It's a catch-22 situation because hay fever sufferers tend to stay indoors to avoid pollen. However, 20 minutes of sunshine a day without sunscreen can build up natural levels of vitamin D to support the immune system.

But, of course, ensure you check the pollen count on the forecast and do stay indoors if it is particularly bad, closing the windows and doors. At the very least, don't plan on gardening that day!

3. Avoid dehydration

Drinking two litres of water and herbal teas could be a solution. Histamine is naturally produced when we are dehydrated to cause an increase in thirst. Wheat, dairy, sugar, alcohol and caffeine all cause stress and dehydration on the body, so alternatives to these should be found.

4. Ditch the dairy

Foods to avoid are milk and sugar as they create a build-up of mucus and catarrh.

5. Reject the NSAIDs (non-steroidal anti-inflammatory drugs)

I realise this is difficult and sometimes impossible but, if you can avoid taking painkillers, try to. NSAIDs (e.g. aspirin, ibuprofen, and naproxen) cause damage to the intestinal wall and the friendly bacteria. This can lead to leaky gut and cause a hypersensitive immune response.

6. Eat a rainbow-coloured amount of fruit and vegetables

Immune support in nutrients such as vitamins A, C and E, zinc and selenium, and antioxidants are said to help prevent the release of inflammatory chemical histamine. Choosing a rainbow-coloured basket of vegetables and salads when you go shopping will provide you with this.

7. Look after your liver

Overloading the body with toxins and chemicals (which we are subjected to every day) will cause more stress and dehydration, weakening the immune system and affecting the liver. Excess chemicals will make the liver's job a lot more difficult and is more likely to cause hay fever and allergies.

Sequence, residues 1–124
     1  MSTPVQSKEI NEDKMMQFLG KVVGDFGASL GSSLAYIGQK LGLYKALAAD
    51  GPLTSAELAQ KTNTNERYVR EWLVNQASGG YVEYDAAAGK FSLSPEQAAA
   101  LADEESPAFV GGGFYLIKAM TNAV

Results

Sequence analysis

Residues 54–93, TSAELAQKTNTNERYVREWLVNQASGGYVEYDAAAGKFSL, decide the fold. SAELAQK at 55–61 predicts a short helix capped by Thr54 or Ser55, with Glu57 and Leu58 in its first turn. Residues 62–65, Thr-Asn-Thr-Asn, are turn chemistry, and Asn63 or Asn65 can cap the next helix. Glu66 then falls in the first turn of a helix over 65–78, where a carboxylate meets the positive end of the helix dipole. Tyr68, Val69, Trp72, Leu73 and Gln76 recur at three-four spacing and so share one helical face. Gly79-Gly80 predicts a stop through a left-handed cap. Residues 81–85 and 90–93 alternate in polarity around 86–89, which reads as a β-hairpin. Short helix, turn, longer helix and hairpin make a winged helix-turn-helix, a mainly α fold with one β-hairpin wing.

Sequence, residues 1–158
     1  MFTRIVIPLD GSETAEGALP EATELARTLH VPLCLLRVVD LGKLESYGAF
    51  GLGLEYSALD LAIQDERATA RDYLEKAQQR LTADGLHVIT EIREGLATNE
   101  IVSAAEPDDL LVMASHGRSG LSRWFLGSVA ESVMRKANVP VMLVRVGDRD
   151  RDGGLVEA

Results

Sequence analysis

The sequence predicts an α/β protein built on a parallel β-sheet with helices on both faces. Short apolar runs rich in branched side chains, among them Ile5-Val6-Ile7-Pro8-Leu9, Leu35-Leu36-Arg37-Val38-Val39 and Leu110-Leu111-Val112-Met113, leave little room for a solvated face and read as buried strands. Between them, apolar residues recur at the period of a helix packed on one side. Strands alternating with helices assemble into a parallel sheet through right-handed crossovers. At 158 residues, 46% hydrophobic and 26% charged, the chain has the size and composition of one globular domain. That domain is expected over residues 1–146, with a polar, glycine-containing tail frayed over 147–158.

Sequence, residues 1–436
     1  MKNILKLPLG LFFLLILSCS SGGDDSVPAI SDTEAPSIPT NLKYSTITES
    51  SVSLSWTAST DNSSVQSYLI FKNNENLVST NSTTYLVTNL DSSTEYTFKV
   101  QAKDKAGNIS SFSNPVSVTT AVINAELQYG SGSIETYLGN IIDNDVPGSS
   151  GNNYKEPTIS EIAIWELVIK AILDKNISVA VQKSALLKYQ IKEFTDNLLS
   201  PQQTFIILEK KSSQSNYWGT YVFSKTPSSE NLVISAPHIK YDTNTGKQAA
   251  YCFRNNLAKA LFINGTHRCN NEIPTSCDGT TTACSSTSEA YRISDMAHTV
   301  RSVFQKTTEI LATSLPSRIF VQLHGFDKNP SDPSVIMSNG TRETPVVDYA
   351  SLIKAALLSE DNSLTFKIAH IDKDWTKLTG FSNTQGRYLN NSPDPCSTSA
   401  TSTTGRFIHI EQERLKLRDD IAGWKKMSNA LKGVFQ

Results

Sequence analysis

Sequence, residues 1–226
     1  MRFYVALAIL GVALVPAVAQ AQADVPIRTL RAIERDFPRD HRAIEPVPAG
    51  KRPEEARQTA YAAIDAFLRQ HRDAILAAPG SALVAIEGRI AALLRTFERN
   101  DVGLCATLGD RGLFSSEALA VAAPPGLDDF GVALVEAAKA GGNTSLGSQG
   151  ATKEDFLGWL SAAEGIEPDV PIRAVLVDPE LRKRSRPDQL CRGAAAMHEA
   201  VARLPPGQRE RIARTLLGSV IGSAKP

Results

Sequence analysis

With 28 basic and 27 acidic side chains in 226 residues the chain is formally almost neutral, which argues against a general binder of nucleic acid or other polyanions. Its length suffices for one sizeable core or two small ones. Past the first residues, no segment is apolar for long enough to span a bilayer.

8. Get a bee in your bonnet

Eating a spoonful of local honey daily during the build-up to hay fever season can build your immune system to the local pollen. So get shopping at your local farmers market!

9. Try natural remedies

  • Quercetin and Bromelain works as an anti-inflammatory agent by deactivating enzymes that produce inflammation and strengthening cell walls that would normally release histamines into the bloodstream.
  • Camomile contains natural antihistamines that can fight against histamines in the bloodstream.
  • Nettle contains biologically active compounds that reduce inflammation.
  • A neti pot flushes out the pollen sitting in the nostrils.
  • Pine bark extract blocks histamine release from mast cells.

10. Eat probiotics

Build up the immune system by putting those friendly bacteria back in. There are thousands of species of bacteria that we have no idea about, so taking a multi-strain of probiotics will help. Also eating fermented foods such as sauerkraut, kombucha and live yoghurt (prebiotics) can help the gut to produce friendly flora.

For more tailored one-to-one support, get in touch today.

The views expressed in this article are those of the author. All articles published on Nutritionist Resource are reviewed by our editorial team.

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Brighton BN2 & Hove BN3
Written by Jayne Hopper, Dip CNM mBANT CNHC
Brighton BN2 & Hove BN3

I am a naturopathic nutritional therapist, hypnotherapist and NLP practitioner.